I once saw a documentary in which a herd of elephants is hit by a sandstorm. One baby elephant gets separated from the herd and in its hurry to find the others starts running in a random direction. From the helicopter filming from above we can see that the little elephant is heading off in precisely the opposite direction to the herd. You want to shout, ‘Stop! The other way, turn around!’.
I sometimes feel I might be like that baby elephant. I read books written by race realists (aka horrid racist bigots) and am convinced that they are right and their opponents, the nice people who believe that everybody is equal in all ways are wrong. I feel in my bones that my position is right but then I would, wouldn’t I? And I’m sure the kumbaya-singers also feel in their idiotic bones that they are right. And what if I am right in a narrow sense but wrong in a big sense, like an expert on Christianity who knows more than me about transubstantiation and the Trinity but is wrong about the existence of God. Such a person is living from false premises.
There is clearly a ‘Founder Effect’ in my thinking. The Founder Effect in genetics is where a small group breaks away from a bigger group and because a founder member happened to have, say, blue eyes, then an unusually large number of the descendants of that group will also have blue eyes. In regard to my beliefs my intellectual progenitors, Richard Dawkins and John Derbyshire, have both had a large Founder Effect on my thinking. In this way I have fortunately – so at least it appears to me now – avoided the influence of charlatans like Deepak Chopra and political ideologues like Noam Chomsky.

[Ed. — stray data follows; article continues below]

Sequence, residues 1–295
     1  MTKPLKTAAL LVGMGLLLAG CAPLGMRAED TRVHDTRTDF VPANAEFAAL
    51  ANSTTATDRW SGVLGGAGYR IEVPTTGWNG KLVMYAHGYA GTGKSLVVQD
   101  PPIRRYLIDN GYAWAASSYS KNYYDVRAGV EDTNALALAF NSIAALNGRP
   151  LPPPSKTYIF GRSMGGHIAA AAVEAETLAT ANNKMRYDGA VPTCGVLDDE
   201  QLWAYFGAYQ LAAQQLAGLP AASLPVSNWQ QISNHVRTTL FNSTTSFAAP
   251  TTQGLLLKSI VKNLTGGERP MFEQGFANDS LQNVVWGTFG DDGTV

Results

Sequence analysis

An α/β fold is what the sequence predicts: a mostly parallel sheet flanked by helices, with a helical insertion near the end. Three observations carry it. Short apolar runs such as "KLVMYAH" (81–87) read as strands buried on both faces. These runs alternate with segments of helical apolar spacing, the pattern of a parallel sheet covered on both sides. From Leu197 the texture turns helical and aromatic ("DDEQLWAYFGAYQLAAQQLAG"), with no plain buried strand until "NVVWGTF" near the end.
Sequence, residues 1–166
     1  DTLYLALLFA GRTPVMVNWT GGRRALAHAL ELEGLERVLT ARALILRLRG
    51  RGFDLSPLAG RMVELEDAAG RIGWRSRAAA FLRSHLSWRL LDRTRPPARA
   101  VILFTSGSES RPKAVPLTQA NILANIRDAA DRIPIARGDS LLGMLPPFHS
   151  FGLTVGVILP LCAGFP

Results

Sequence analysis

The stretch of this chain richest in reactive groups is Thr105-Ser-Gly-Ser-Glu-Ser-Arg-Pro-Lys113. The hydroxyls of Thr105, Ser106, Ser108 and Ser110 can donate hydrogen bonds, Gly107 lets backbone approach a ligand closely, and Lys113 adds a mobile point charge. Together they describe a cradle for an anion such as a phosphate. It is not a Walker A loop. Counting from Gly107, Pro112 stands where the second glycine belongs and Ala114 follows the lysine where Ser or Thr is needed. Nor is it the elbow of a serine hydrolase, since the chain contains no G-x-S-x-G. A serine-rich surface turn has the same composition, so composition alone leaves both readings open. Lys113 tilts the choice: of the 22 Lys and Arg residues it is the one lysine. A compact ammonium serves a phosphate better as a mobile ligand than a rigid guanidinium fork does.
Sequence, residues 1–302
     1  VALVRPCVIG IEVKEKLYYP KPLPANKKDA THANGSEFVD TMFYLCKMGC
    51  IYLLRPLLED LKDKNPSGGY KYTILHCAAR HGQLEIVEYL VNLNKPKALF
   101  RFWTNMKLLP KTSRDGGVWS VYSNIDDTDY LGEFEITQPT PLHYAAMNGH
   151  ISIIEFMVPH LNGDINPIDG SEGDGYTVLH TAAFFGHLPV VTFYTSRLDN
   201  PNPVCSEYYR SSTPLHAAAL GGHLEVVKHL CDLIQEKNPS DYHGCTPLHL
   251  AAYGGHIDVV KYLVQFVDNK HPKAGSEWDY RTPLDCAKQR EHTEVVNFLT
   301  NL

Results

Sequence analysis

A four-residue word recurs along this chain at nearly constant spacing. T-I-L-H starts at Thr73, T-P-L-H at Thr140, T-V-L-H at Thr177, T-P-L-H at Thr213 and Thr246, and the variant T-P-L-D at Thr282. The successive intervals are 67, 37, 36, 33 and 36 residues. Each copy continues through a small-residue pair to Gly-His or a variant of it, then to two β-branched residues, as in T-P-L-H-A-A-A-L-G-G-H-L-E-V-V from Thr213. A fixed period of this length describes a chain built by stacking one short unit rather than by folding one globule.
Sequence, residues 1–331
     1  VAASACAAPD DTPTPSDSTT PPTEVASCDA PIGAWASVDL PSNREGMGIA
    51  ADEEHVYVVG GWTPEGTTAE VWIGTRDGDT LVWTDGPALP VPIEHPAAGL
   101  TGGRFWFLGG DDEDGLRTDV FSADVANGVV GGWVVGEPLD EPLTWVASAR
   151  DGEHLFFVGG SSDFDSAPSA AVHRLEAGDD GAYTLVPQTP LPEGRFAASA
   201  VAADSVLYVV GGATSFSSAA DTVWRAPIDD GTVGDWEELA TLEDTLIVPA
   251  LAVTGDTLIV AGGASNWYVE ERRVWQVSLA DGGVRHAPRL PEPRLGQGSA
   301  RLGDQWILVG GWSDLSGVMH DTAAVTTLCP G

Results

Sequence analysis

Is there any way of knowing whether or not I am on the right track? Most people would say ‘Look at the evidence’ but which evidence do you look at? The evidence that suggests race realists like Richard Lynn, Arthur Jenson, J.P. Rushton and Helmuth Nyborg are right or the alleged evidence of their opponents? I suppose you could have a headcount of experts and then come down on the majority side but since when has majority opinion been a good touchstone for what is true? Politically correct, state sponsored ideologies with their rewards and punishments can skew a the view of many modern scientist just as surely as the Counter-Reformation and communism skewed those of European and Soviet scientists.
It’s mainly when I come across something impenetrable which nevertheless gives the impression of deep meaning that I start to wonder if I might be not that intelligent and thus probably wrong. I get this feeling when I read T.S. Eliot’s Four Quartets, the first part of which, Burnt Norton, you can listen to here. The ideas in the poem are very strange:
Time present and time past
Are both perhaps present in time future
And time future contained in time past.
So it begins and it continues in a similar vein for the next 52 minutes. Whether T.S. Eliot’s poetry is good or just pretentious twaddle I find it impossible to say. Unlike football, I need other people to tell me what constitutes good poetry. It could be that what appears double-Dutch to me, albeit nicely expressed double-Dutch, could actually be deep and meaningful. Despite not understanding Four Quartets it fascinates me in a way that poetry I do understand doesn’t. I feel that at any time the true meaning behind the strange ideas will hit me like a revelation and make me palm my forehead and say ‘Aha! Now I see!’